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SFDS is a Fabrication and Design shop located in Brooklyn, NY. They create props, furniture and scenery for a variety of clients and use the CNC router as a major tool in their shop. Below are just a few examples of some of the exciting work being created.
This piece was part of FriendsWithYou's Rainbow City installation from 2011 in NY.
One of the SFDS employees, Kevin Kleber, has a fantastic Tumblr site called cnckevin. It has many great images of the projects he is working on there.
Former University of Minnesota Professor Ali Momeni (currently a Professor at Carnegie Mellon) is teaching a class at CMU titled Digital Fabrication for the Arts. Students are using Rhino/Rhino CAM along with a lasercutter and 2.5 axis router to create a wide array of work.
See examples below, visit their blog for links, references and more work examples.
A new book has just come out that focuses on the use of the CNC Router and lasercutter with print processes. It's called Post-Digital Printmaking: CNC, Traditional and Hybrid Techniques by Paul Cantanese and Angela Geary of Columbia College in Chicago. The book covers the brief history of technology in printmaking and explains exactly what it means by "Post-Digital"- using technology to create a number of matrices that can be manipulated in physical ways. It also features chapters going inside the studios of various artists who use the CNC as an integral part of their practice.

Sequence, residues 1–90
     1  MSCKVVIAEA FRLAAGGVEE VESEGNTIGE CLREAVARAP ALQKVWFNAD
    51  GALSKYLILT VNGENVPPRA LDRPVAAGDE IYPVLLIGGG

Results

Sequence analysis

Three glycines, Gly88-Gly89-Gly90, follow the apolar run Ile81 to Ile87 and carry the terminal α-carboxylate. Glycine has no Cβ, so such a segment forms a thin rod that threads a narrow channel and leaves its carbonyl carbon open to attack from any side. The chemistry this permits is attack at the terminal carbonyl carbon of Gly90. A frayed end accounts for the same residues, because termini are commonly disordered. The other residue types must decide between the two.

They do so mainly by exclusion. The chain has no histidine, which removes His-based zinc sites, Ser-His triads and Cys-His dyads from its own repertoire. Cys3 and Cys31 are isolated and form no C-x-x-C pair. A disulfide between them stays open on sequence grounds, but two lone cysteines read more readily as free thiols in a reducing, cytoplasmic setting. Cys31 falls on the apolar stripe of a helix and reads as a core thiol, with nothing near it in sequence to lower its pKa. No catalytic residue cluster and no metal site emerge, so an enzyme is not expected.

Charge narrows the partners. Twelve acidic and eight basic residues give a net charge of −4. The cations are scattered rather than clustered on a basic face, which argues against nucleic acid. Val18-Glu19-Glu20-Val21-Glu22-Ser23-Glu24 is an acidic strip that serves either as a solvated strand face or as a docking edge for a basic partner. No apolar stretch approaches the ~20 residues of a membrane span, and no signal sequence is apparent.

On page 39 you'll notice a page devoted to the Artemio Rodriguez print that was routed here on the Department of Art's router by technician Robin Schwartzman for the 2010 Mid-America Print Council Conference.
This book is a fantastic resource for anyone interested in learning more about integrating digital technologies with printmaking. Not convinced? You can read a thorough review over at Printeresting.
The initial digital drawing was done using Adobe Illustrator. The vector lines of both the box and animals were then imported into EnRoute4 as .eps files, where she created dimensional reliefs in the wheels, detailing and banner. Everything was toolpathed in EnRoute and cut on the Forest Scientific here in the Dept. of Art.
The pieces were painted and assembled together to create the final box. Participants could crawl into it and pose with their favorite animal for a photo.
The Cutting Room, a commercial routing shop in the UK, is doing a number of large scale, beautiful projects. They make anything from doors and panels to lettering and signs to desks and benches.
Graduate students Daniel Dean and Ryan Wurst worked on a project for the Minneapolis Arboretum called Underground Sound. This field of sonic flowers allows viewers to listen to the sounds of the earth via giant megaphones.
The mold for the megaphone was designed in Rhino and imported into Enroute as an .STL. We created all the toolpathing in EnRoute. The form was cut in pieces on the CNC router using a 1/2" wide by 3.5" tall ball nose bit. Because our router only has a 6" z-clearance, Daniel glued together panel board to be 3.5" deep and divided the megaphone up into various sections. Once cut, the sections were glued together to create the final form, which was then used as a mold for the fiberglass.
The Department of Art CNC Router Technician Robin Schwartzman completed her giant letter project THINK AND WONDER, WONDER AND THINK for Northern Spark this past June. Each letter was 8' tall by varying widths. They were designed in EnRoute and cut in pieces out of 1/2" MDF using a ShopBot Buddy with a 4' x 8' bed and 1/2" end mill bit. The router belongs to the shops of American Woodworker Magazine, where editor Randy Johnson was very generous in volunteering his time and knowledge to help make this project happen.
Here you can see the daytime view. Each letter was painted red with exterior latex paint.
This is a nighttime view of the word WONDER from the Guthrie Theater. Photo courtesy of Mill City Times.